Democratic-Farmer-Labor Party

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Party Chairman Ken Martin
Senate Leader Tom Bakk
House Speaker
House Leader Paul Thissen
Founded April 15, 1944
Headquarters 255 Plato Blvd E
Saint Paul, MN 55107-1623
Political ideology Liberalism
Political position Fiscal: Socialist
Social: Liberal
International affiliation
Color(s) Blue (unofficial)

The Democratic-Farmer-Labor Party (DFL) is a separate but affiliated branch of the national Democrat Party that uniquely operates in Minnesota. It was formed on April 15, 1944, when the state's Democrat and Farmer-Labor parties merged with the instrumental assistance of Hubert H. Humphrey.[1]

Some DFL members are pro-life: during the 2021-22 legislative session, 4 DFL members of the Minnesota House are pro-life and support restricting abortion:[2] dsPaul Marquart (teacher), Mary Murphy (teacher and historical preservationist), Gene Pelowski (teacher and a golf professional), and Julie Sandstede (music teacher and vacation Bible school volunteer).

The formation of the Democratic-Farmer-Labor party took place in a context of intense factional struggle between Popular Front liberals and a more moderate bloc that lasted from the death of Governor Floyd B. Olson in 1936 to the election of Hubert Humphrey to the U.S. Senate in 1948. Many of Humphrey's allies became active in national politics—Orville Freeman, Eugene McCarthy, Walter Mondale, Donald Fraser, —and did not oppose Cold War foreign policy till well into the Vietnam war era.[3]

For many years, the DFL has championed the causes of farmers and skilled union workers, though in recent years, the former has taken a distant backseat to the latter as well as to the interests and goals of the national Democrat Party. All Democrat politicians in and from Minnesota work under the DFL header, though this has become more of a matter of tradition than of any substantive meaning.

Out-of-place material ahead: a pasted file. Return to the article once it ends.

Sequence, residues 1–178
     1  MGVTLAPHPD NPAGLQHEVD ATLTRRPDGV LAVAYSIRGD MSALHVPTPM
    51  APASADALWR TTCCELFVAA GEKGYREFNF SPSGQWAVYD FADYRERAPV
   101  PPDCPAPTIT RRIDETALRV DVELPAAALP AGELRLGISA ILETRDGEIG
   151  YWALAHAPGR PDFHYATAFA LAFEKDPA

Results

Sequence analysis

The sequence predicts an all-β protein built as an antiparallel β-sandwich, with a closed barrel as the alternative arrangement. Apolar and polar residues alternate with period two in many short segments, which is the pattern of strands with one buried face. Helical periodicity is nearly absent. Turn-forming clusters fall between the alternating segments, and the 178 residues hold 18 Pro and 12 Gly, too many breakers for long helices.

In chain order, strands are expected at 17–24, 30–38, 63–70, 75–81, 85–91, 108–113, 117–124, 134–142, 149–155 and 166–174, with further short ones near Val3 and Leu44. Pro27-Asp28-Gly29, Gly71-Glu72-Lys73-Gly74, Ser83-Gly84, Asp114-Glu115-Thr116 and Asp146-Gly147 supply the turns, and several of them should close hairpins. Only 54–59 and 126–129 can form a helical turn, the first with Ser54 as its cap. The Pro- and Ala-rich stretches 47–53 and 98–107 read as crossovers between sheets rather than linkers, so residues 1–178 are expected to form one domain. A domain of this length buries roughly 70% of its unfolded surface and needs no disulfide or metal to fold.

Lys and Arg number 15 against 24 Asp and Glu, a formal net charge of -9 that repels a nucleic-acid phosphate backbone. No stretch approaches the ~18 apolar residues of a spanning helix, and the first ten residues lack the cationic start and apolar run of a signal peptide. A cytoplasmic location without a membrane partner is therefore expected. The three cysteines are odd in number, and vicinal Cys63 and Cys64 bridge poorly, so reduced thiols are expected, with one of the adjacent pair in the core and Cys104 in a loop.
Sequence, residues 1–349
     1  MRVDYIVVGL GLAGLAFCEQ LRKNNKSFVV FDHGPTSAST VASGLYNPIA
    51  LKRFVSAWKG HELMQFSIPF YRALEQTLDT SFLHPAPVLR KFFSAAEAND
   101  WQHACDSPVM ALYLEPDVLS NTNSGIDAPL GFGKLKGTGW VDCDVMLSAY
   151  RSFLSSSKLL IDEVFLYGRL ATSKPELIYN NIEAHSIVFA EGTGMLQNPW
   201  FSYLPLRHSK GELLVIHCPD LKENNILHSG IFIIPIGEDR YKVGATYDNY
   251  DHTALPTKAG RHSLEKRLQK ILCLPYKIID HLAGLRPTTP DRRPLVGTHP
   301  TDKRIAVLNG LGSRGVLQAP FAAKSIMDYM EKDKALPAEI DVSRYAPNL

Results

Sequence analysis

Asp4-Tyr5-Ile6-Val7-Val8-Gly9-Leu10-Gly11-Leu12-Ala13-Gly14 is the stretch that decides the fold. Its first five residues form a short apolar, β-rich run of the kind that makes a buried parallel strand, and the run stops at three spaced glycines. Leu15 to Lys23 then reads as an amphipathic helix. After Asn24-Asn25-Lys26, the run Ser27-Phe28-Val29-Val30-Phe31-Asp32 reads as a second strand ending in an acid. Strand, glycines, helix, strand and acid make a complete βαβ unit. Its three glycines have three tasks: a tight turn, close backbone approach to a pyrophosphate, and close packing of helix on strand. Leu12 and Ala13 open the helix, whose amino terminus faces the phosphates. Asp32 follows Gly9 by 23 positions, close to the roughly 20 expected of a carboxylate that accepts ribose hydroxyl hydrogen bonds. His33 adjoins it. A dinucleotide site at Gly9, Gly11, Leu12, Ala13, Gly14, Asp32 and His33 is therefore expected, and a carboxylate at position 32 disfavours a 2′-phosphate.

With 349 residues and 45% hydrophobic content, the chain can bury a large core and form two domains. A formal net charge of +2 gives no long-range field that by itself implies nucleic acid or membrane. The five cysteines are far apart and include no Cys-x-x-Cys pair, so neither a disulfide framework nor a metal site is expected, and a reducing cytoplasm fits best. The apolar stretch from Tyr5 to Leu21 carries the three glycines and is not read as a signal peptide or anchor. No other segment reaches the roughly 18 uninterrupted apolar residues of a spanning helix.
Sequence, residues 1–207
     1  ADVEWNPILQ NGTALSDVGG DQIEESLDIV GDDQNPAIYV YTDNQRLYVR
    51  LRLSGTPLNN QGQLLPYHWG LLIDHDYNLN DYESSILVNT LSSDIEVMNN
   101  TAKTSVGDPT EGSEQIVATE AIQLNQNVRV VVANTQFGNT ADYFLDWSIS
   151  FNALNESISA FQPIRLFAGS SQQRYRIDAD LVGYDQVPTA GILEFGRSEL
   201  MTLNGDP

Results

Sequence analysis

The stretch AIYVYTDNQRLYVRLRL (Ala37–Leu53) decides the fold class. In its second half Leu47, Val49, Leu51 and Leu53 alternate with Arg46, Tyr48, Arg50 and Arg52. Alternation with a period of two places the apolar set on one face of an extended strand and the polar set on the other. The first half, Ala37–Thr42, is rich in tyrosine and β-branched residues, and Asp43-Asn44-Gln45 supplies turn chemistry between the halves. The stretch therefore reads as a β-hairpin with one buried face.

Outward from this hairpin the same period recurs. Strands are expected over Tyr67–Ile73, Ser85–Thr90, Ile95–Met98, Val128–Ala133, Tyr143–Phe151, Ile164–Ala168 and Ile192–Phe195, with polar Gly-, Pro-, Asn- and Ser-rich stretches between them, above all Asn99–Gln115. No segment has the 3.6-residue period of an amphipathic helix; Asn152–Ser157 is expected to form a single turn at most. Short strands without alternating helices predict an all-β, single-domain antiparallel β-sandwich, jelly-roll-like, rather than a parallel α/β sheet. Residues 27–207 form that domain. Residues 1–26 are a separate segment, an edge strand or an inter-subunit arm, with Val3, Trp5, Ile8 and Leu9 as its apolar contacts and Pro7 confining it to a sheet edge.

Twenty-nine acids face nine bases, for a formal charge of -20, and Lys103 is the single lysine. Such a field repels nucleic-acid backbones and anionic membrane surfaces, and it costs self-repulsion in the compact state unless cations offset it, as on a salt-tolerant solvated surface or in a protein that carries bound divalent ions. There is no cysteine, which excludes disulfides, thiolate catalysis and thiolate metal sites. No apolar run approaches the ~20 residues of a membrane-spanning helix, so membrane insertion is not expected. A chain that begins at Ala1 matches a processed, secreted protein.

Outside the state, DFLers are typically referred to by their colleagues in the United States Congress and by the mainstream media simply as "Democrats."

The DFL, which has had virtual single party control for 70 years in Minnesota and is a powerful influence in both the Democratic National Committee and national political affairs through its two vice presidents and two Democrat presidential nominees, has this to say about its African American Caucus:

"We hope to live in a Minnesota where African Americans will have full access to all opportunities and their interests are seen as critical to the wellbeing of the state."[4]

Evidently after 70 years of a near totalitarian grip on the state, and undue influence in Washington, D.C., Minnesota has not overcome its systemic racism. While blacks are still "hoping for opportunities," their white Democrat plantation massas see "their interests as critical" to white Democrat electoral success. The DFL has also since formed Feminist, Muslim, Somali, Latino, Progressive, Environmental, Seniors, Disability, Veterans, American Indian, Asia-Pacific, Asian Indian, Hmong, and LGBT caucuses, as well. Its Hunting and Fishing caucus presumably is its good 'ol boy network.

In 2018 the Democratic-Farmer-Labor Party deputy communications director William Davis made a Facebook post that called for bringing Republicans "to the guillotines."[5]

Ballot harvesting

On September 27, 2020 James O'Keefe of Project Veritas posted a report on illegal ballot harvesting for cash in Minnesota Rep. Ilhan Omar's district.[6][7][8] On October 16, 2020 Facebook sent notification warnings to every user that reposted the Project Veritas' report.[9]

A 17 year-old campaign staffer for Lacy Johnson, the Republican opponent running against Ilhan Omar, was shot and killed outside a gas station in Minneapolis.[10]

Further reading

See also


  10. Multiple references: